We would be in complete agreement on your assessment there. The point though is that these gaffes happen pretty much all the time. The partisan press highlights and blows them into huge matters with Romney trying to whip up a unthinking mob of opposition. For Obama they don't do that but that doesn't mean Obama doesn't make the same or even larger mistakes. Most voters, no matter their criteria do not vote on gaffes or mis-statements or any other such nonsense. They vote their party, their issue and if they are low information, then in my view they vote their pocketbook. We have lots of fun discussing these matters because we enjoy politics and here we can drive each other crazy instead of our neighbors. The majority of the world will not determine their vote based on Obama and Egypt nor Romney and his fundraising shorthand about the 47%.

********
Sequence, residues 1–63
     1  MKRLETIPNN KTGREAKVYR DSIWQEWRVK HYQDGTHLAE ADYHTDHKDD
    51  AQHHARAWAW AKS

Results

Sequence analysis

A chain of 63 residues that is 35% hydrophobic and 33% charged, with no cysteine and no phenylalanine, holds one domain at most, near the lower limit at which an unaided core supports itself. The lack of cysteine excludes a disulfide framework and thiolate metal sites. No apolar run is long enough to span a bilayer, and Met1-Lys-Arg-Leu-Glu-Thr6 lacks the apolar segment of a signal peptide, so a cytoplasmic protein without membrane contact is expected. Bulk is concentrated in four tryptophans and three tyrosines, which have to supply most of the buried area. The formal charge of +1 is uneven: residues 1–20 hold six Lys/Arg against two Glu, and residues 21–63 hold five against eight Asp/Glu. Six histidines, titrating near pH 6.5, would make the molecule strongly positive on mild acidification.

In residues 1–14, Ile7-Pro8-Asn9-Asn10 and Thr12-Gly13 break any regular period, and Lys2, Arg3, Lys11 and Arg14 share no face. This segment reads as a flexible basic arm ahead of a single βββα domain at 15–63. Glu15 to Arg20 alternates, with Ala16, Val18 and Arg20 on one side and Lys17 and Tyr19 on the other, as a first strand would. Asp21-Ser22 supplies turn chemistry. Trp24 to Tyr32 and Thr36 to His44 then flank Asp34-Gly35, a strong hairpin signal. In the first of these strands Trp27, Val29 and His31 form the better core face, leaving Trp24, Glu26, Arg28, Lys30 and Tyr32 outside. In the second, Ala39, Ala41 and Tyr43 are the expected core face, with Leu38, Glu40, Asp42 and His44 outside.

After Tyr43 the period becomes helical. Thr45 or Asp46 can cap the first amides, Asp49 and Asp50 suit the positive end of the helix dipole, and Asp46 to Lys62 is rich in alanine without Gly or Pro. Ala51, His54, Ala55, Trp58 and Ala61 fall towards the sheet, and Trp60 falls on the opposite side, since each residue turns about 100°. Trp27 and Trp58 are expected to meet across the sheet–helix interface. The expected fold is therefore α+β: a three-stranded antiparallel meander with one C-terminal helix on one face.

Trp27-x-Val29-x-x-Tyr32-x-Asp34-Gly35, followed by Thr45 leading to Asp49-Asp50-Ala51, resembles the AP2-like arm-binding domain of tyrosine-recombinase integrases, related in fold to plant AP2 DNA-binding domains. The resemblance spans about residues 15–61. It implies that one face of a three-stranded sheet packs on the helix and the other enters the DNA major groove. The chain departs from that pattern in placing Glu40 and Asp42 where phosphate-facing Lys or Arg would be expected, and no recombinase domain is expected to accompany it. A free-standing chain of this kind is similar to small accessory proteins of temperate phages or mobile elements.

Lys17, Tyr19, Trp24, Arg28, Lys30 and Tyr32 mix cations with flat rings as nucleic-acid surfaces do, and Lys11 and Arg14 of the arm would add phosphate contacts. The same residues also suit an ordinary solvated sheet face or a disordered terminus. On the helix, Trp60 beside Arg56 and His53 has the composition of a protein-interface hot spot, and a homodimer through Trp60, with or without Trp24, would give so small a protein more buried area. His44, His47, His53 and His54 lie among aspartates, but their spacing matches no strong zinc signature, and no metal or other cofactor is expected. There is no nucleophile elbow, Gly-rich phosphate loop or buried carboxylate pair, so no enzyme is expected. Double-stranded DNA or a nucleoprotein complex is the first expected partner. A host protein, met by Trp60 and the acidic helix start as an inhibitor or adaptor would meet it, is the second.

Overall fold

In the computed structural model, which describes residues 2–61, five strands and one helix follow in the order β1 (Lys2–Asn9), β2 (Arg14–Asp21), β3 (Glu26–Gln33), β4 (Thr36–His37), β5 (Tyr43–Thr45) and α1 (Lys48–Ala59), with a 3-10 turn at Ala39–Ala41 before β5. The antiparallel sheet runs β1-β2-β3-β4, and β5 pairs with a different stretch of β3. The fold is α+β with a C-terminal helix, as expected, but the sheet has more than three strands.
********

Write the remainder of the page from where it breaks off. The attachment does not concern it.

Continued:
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So why have fun with "hyper-rationalizing" if you don't approve of it. Is that just an easy way to avoid addressing my points? Never mind - let's address your questions anyway, even though no doubt you already know the answers. As I'm sure you have already researched, estimates of the fraction vary. None that I have seen are less than 30% of the 47%, which I would regard as significant, but you may not. Some are over 50%, which is significant by definition. I started with Wikipedia and then checked a number of national news sources that had researched the same question. I'll leave it to you to find a data source that you trust. How often they have voted Republican was not included in the data that I saw. Asking how many will change their vote is not useful, since that is not yet knowable.